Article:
The stock market is heading towards what promises to be a volatile second quarter, but April has traditionally been the best month of the year for stocks.
The major indexes were all higher in March, but they had a weak performance in the first quarter, their worst since the pandemic. Investors were worried about rising interest rates, war in Ukraine and inflation, made even worse by disruptions to goods exports from both Russia and Ukraine.
Stocks are usually higher in April and this is the best month of the year for S&P 500. According to Sam Stovall, chief investment strategist at CFRA, the S&P is over 70% higher and has gained an average of 1.7% in all April since World War II, according to Sam Stovall, chief investment strategist. at CFRA. Over all months, the S&P posted an average gain of 0.7%.
The S&P 500 was up 3.6% in March and Stovall said the rally could continue. “I think we are going back to breakeven, but then I wouldn’t be surprised if we experience another pullback or correction before we have a year-end rally,” he said. .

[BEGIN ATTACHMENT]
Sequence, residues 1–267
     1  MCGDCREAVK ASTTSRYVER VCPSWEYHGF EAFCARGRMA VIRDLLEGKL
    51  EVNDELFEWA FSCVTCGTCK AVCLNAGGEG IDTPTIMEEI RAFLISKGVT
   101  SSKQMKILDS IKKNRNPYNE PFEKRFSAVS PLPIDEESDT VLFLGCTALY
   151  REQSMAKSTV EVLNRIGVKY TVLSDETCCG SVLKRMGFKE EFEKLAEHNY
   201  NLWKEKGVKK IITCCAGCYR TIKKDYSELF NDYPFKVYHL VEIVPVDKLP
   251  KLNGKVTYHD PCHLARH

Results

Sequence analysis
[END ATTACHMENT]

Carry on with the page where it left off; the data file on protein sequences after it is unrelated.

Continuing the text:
Markets focused on next week will remain focused on developments surrounding the Ukraine war and the Federal Reserve. The Fed on Wednesday is expected to release minutes from March meeting where it raised interest rates for the first time since 2018.
There were also several Fed speakers, including Fed Governor Lael Brainard, who spoke on Tuesday.
Greg Faranello, AmeriVet Securities’ head of rates, said the Fed’s minutes could be the highlight of the week as the central bank is likely to provide more detail on its plans to shrink its balance sheet. me. The Fed has nearly $9 trillion in securities on its balance sheet, and reducing that holding would be another step toward tightening policy.
“The market is very curious. They’ll be looking for some clues about how fast, how big, what the lid looks like,” Faranello said.